To honor the legacy of Rev. Martin Luther King, Jr., 1,500 people of faith gathered on January 18 at the First Baptist Congregational Church on the west side of Chicago. More than 20 elected legislators were there, as were the three candidates running for Cook County State’s Attorney. We called upon them for fair police reform, expanded restorative justice efforts, and working toward a fair income tax.
All these people showed up even when it was 5 degrees outside, including 250 Unitarian Universalists from eight congregations. I was delighted that more than 80 people from the congregation I serve at Unity Temple showed up. Because we gathered with other people of faith and brought our voices together, we demonstrated a powerful coalition. Because we all showed up together, people in decision-making roles know what is important to us as a powerful collective. And, they will be accountable. For example, not only did all the elected officials agree to our policy platform, all three candidates for State’s Attorney agreed to meet with the Community Renewal Society every three months.
I’m grateful for other religious leaders and communities who, like us, use their ability to connect and organize in order to work together for meaningful change. One of those is Rev. Marshall Hatch.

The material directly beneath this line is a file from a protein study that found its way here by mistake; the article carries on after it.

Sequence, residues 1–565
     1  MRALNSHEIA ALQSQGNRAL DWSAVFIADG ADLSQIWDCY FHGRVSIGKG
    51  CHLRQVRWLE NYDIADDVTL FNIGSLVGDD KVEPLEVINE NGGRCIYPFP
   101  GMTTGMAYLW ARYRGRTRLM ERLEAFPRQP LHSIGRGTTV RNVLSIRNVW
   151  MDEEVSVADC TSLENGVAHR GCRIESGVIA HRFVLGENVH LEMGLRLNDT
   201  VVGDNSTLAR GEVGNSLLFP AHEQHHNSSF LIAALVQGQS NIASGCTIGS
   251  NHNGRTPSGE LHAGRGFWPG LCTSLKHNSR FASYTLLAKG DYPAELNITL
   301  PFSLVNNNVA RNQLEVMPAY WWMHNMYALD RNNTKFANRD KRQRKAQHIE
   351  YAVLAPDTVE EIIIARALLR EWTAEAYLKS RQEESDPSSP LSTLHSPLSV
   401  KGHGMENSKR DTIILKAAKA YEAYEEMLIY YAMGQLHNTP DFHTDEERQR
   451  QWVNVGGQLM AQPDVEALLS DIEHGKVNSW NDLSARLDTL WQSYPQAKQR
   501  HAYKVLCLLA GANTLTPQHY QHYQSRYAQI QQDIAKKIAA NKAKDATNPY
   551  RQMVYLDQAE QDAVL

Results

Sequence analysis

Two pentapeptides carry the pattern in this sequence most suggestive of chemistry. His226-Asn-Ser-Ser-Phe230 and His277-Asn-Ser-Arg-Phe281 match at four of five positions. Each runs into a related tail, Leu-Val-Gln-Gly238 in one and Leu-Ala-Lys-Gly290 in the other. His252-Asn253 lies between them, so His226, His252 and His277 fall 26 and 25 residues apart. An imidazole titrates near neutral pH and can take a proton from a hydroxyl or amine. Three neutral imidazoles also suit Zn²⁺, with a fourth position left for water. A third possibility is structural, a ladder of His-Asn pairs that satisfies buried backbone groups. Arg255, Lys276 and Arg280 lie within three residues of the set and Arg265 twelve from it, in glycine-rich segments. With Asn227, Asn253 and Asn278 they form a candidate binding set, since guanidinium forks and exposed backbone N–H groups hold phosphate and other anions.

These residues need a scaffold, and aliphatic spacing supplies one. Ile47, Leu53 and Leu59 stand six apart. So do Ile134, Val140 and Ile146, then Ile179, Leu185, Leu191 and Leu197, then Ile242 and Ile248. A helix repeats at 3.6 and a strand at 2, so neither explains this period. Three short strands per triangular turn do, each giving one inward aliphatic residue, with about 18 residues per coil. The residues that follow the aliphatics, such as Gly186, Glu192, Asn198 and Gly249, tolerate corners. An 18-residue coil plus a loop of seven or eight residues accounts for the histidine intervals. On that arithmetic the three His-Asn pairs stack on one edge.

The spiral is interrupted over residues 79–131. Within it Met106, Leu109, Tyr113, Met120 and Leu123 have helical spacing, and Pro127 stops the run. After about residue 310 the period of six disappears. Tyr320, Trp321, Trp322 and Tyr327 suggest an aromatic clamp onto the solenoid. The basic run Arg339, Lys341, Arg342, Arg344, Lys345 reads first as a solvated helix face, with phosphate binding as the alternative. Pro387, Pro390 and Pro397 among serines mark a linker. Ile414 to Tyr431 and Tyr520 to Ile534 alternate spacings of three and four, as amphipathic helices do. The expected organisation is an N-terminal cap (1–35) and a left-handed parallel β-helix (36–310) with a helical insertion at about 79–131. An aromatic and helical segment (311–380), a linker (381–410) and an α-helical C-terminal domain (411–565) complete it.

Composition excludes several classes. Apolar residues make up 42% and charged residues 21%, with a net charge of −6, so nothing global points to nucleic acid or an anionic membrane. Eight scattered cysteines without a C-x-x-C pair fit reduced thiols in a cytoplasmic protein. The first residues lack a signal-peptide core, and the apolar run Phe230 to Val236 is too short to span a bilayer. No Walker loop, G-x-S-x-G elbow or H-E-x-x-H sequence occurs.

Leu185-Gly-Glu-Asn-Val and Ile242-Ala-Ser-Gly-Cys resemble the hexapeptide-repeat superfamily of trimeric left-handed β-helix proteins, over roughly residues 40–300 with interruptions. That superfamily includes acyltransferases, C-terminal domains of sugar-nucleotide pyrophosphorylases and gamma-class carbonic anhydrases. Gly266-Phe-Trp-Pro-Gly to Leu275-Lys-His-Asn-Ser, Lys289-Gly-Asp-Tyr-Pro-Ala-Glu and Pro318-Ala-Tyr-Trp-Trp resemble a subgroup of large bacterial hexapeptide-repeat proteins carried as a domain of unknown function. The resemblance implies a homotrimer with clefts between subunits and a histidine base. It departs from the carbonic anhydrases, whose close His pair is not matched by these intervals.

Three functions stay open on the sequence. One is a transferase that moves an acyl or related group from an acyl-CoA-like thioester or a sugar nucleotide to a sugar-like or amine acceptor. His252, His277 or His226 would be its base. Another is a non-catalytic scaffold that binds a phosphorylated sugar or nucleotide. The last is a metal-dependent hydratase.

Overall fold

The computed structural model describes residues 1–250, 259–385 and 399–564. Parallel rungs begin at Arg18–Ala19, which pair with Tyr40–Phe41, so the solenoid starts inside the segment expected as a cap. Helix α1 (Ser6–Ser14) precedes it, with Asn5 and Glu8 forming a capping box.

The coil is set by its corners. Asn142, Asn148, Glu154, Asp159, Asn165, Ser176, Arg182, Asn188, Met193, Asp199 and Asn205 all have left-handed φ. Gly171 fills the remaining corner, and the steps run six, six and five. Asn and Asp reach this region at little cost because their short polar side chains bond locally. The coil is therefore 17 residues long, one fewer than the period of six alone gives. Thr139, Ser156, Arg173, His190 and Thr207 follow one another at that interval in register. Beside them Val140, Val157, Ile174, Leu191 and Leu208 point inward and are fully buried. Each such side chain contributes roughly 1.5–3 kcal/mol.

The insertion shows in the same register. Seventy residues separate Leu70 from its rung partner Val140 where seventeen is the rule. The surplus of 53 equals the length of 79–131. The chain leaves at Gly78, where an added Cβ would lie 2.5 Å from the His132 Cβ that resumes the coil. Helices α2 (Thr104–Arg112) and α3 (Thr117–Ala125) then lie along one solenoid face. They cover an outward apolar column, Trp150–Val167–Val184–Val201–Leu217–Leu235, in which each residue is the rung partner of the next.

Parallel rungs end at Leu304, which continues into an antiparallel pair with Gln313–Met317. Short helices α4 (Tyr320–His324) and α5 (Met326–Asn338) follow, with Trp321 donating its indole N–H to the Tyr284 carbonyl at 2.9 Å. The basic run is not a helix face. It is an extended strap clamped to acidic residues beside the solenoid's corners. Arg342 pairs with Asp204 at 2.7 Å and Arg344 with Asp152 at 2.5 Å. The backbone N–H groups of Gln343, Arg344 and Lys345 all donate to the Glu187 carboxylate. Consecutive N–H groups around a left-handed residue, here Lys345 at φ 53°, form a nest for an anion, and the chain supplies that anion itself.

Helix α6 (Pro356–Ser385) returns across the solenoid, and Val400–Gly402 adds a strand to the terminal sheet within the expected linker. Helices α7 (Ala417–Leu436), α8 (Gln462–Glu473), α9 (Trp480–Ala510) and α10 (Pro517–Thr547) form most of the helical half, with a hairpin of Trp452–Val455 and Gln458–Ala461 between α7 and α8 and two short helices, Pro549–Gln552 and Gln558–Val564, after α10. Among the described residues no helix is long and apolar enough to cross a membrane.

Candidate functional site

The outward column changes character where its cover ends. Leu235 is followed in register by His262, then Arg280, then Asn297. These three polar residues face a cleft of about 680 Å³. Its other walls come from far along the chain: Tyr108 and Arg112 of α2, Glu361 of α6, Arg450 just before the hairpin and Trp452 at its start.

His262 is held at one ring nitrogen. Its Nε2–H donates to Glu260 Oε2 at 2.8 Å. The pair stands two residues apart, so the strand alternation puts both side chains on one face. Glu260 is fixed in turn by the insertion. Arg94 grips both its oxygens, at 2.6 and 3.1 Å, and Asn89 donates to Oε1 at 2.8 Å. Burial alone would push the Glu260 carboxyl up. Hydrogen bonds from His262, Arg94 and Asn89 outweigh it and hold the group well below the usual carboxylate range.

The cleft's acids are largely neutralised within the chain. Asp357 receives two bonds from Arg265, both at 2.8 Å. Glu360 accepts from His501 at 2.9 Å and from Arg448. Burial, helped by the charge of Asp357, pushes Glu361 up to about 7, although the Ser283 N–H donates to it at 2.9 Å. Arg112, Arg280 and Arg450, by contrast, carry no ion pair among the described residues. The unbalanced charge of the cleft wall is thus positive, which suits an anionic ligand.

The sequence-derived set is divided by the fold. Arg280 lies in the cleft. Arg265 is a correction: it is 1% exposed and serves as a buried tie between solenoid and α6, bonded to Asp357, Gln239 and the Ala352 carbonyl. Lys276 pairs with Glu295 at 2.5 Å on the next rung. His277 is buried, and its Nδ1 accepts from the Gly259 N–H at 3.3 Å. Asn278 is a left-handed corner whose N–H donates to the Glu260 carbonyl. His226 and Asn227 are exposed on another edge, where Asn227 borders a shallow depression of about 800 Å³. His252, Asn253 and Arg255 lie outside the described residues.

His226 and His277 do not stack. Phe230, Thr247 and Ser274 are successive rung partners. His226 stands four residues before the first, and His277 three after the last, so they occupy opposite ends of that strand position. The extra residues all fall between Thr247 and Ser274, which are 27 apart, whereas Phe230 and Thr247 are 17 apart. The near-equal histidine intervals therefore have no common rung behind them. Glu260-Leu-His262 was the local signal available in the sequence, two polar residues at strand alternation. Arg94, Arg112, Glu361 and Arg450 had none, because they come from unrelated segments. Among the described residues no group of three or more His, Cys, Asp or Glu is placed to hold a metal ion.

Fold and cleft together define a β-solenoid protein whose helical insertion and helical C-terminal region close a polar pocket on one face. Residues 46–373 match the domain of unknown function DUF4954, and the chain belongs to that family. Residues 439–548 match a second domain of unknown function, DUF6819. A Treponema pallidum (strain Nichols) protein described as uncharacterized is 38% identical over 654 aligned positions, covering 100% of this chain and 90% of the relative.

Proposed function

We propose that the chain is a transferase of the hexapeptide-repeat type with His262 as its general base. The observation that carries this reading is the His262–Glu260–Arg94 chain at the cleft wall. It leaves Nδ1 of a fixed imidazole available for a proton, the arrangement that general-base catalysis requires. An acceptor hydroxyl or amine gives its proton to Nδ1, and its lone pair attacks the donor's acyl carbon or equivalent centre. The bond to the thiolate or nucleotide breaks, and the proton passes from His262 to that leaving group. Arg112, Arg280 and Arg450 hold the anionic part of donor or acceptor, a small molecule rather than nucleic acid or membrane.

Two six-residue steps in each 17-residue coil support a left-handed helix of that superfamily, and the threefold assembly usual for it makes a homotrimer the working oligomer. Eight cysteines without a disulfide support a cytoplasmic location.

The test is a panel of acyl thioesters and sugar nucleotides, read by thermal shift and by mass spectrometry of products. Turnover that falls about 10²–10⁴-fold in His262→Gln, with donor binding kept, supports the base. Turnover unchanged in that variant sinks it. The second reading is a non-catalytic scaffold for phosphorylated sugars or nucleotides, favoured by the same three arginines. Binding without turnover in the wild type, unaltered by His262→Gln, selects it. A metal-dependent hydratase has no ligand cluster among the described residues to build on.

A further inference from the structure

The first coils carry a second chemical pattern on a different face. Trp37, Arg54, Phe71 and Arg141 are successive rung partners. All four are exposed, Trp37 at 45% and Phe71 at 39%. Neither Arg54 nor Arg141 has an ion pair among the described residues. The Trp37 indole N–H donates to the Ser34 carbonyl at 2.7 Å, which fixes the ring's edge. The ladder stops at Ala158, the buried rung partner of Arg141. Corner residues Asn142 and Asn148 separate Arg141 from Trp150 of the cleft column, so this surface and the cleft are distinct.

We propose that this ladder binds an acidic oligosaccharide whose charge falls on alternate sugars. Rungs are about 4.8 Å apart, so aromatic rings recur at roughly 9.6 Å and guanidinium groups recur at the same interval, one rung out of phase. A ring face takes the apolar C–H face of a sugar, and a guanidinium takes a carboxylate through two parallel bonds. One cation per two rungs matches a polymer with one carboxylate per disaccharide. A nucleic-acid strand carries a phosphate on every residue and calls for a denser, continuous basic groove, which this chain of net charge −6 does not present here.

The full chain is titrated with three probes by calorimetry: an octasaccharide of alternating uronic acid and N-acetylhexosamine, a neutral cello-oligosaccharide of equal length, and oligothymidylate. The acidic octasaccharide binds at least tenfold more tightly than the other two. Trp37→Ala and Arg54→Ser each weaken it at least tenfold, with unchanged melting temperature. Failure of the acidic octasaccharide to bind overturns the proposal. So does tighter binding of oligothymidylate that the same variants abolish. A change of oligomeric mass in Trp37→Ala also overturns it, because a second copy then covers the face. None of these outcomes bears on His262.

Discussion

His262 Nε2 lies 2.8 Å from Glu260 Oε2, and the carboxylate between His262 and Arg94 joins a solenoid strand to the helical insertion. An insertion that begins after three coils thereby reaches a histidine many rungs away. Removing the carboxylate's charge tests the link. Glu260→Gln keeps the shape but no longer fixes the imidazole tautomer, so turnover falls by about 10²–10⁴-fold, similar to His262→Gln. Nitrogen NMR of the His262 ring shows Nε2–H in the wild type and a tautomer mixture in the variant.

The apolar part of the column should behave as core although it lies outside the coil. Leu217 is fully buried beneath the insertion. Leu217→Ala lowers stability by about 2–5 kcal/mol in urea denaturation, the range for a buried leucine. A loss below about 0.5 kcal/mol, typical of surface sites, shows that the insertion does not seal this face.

I’ve recently become close to Rev. Hatch, who has served for more than 20 years at New Mount Pilgrim Missionary Baptist Church in North Lawndale. On December 26, Rev. Hatch visited a home where violence had taken two lives just that morning. There, he discovered a member of his congregation, sobbing, “Pastor, the police, they killed my mother.”
Bettie Jones was killed in the incident involving the shooting of Antonio Legrier’s son. Mr. Legrier had called the police to explain that his son was suffering from mental health problems. Apparently, he had appeared dangerous to the police because he was wielding a baseball bat. However, once the facts of the case became clear, the physical evidence appears to question the story reported by the police.
That week, Rev. Hatch delivered eulogies for two bereft families.
Shortly after that, Rev. Hatch was on his way to a gathering I attended. He was stopped by a white man where a police car was blocking the road near the home where the shooting had occurred.
The man motioned to Rev. Hatch to lower his winder and said, “I recognize you from WTTW and I knew Bettie Jones.” Tears began forming in his eyes as he added, “I also know the officer who shot her and Antonio -- Officer Rialmo. He’s just a kid who made a terrible, terrible mistake!”
“We need more voices like yours,” the man said.
If you live in the Chicago area, I invite you to join me for an evening with Rev. Marshall Hatch, Pastor Ira Acree, and Pastor Cy Fields. They will share about their organization, The Leader’s Network that serves the needs of the westside of Chicago. It is a community leaders network led by these pastors.
We will together explore what it means for all of us who live in Chicagoland’s western corridor to stand together, in relationship, as we work to oppose violence, corruption and injustice.
We need more voices like yours.
The event is at 7:30 p.m. on January 25. We will gather at Pilgrim United Church of Christ, 460 Lake St. (The Oak Park Farmer’s Market is held in their parking lot.)
This gathering is hosted by the Community of Congregations.
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